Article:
The early 90s were a scary time for adventure game developers. Horrorsoft, who began with text parser games, created Waxworks as an attempt to bridge that gaming gap. Instead of being a dull adventure game it utilized dungeon-crawler elements to offer copious fights. Of course, it still maintained that classic adventure core by requiring players to lug a heft inventory around.

Unfortunately, the implementation of action elements in Waxworks leaves much to be desired. The game does start off creepily enough, at least. You enter into a wax museum after being ushered there by your Uncle. According to him there’s a curse on your family and your brother will be lost forever if it isn’t removed. Destroying said curse requires entering different wax exhibits which transport players to different planes of existence.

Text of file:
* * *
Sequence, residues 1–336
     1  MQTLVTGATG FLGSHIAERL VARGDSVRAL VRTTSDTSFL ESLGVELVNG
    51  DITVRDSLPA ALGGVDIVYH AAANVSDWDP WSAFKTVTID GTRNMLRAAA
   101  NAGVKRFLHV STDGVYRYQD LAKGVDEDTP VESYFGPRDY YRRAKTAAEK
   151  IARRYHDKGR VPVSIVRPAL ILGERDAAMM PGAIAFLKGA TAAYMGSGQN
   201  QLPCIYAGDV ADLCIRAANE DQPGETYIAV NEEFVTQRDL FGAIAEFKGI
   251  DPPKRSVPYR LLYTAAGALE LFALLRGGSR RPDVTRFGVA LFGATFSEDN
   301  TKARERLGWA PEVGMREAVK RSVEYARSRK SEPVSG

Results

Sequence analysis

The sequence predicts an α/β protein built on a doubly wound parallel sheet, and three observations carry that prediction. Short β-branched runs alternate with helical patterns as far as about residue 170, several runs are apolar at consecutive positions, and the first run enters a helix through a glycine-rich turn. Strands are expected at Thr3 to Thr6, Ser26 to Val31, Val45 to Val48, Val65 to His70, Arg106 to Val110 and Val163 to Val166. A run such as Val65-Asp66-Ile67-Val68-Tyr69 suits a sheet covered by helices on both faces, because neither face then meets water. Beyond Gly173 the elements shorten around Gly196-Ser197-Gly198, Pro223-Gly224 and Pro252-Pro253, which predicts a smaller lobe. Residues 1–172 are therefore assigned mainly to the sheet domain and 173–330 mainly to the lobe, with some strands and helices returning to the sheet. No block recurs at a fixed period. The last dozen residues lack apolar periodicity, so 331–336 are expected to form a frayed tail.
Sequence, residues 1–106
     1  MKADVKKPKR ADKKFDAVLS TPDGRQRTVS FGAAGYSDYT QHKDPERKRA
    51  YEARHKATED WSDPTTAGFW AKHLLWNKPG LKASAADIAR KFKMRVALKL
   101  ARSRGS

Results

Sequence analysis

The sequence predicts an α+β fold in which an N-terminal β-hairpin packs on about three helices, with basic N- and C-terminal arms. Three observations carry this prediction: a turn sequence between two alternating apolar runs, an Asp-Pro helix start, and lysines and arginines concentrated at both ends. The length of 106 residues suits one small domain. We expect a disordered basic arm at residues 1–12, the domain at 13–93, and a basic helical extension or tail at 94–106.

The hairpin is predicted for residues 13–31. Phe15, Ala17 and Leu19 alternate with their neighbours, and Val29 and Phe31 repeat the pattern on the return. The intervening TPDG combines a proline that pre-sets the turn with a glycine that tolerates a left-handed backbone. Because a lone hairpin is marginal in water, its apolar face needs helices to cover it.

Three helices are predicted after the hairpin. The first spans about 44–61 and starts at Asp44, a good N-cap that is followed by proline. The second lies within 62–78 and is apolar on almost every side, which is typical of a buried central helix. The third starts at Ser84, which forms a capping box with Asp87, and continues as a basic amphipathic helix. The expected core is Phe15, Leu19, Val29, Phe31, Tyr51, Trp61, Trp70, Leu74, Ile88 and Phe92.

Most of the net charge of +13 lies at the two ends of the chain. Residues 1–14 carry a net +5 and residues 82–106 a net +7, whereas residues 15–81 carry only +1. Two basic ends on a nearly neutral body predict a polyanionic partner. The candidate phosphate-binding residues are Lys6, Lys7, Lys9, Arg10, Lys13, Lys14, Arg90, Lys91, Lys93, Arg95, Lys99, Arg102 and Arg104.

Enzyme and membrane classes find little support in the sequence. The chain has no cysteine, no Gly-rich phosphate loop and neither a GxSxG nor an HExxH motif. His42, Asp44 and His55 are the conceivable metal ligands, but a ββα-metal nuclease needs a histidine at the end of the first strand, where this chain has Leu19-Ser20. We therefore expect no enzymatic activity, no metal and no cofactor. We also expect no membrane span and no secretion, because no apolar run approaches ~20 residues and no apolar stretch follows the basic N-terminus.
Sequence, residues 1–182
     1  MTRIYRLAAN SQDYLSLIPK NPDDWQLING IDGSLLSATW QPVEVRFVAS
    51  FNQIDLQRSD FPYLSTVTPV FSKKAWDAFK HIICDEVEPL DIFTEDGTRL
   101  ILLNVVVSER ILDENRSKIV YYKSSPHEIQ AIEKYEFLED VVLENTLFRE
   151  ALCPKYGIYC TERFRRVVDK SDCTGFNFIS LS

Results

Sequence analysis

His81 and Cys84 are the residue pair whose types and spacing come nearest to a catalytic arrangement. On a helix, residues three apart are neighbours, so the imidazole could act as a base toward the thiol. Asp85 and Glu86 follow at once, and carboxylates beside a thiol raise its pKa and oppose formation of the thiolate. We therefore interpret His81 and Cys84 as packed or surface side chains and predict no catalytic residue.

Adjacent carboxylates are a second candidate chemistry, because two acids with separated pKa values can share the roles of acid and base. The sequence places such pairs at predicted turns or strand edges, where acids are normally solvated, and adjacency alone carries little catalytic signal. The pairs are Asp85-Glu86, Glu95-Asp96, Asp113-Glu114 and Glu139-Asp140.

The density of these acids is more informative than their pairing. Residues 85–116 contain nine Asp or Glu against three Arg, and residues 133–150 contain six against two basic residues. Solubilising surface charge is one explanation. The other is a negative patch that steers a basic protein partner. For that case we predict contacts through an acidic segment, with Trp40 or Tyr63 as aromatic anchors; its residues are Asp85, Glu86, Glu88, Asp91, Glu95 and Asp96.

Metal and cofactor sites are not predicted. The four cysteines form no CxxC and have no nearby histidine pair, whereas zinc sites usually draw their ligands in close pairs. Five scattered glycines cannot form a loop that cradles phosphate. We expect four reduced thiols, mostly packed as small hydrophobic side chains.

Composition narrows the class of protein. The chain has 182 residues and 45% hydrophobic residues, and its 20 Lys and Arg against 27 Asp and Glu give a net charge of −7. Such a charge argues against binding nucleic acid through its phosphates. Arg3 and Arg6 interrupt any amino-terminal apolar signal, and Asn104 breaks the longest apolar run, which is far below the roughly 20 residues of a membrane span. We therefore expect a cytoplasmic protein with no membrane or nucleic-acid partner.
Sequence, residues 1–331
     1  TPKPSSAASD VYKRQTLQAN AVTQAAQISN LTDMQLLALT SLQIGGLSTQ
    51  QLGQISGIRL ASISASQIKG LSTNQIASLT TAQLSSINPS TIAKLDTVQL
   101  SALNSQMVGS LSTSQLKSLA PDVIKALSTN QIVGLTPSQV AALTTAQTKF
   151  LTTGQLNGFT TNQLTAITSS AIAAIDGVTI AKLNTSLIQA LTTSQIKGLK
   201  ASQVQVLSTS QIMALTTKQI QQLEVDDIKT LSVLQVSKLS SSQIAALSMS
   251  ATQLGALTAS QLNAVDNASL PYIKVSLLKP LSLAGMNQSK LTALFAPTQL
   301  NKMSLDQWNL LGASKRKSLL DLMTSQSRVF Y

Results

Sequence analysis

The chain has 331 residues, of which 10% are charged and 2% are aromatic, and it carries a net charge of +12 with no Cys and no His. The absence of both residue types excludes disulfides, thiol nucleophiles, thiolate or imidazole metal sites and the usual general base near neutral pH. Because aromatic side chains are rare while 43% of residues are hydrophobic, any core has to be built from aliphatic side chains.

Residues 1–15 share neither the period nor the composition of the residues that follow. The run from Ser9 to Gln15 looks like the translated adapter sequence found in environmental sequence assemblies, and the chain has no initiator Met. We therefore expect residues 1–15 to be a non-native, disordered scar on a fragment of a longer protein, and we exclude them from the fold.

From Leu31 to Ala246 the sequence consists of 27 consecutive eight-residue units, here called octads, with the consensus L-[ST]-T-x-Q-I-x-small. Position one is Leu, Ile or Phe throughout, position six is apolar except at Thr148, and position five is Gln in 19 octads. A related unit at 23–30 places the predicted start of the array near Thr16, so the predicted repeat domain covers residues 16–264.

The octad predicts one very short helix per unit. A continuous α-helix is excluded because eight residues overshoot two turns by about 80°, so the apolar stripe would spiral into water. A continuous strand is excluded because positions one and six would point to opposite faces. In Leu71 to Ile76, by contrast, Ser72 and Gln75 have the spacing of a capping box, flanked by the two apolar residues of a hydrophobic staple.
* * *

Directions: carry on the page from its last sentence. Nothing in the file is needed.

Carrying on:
Waxworks Featured

It sounds fine until you realize that every ounce of gameplay is a pain. The adventure trope of clicking on and collecting everything is in full force. Alongside that are constant swarms of enemies to slow progress and chip away at the health meter. Then there are maze-like areas that are far more frustrating than they are fun (especially as more enemies spawn as you try to find a proper path). It’s terribly un-fun.

Waxworks does have some grotesquely detailed artwork and a suitably creepy soundtrack. Had gameplay actually passed muster such aspects would be icing on the cake. As is, these are the only high points most players are likely to find. Only the most determined of horror connoisseurs should seek out this game.


Score: 1

1 out of 5 alpacas


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A Golden Wake Review

A Golden Wake Featured

A Golden Wake Logo

Developer: Grundislav Games
Publisher: Wadjet Eye Games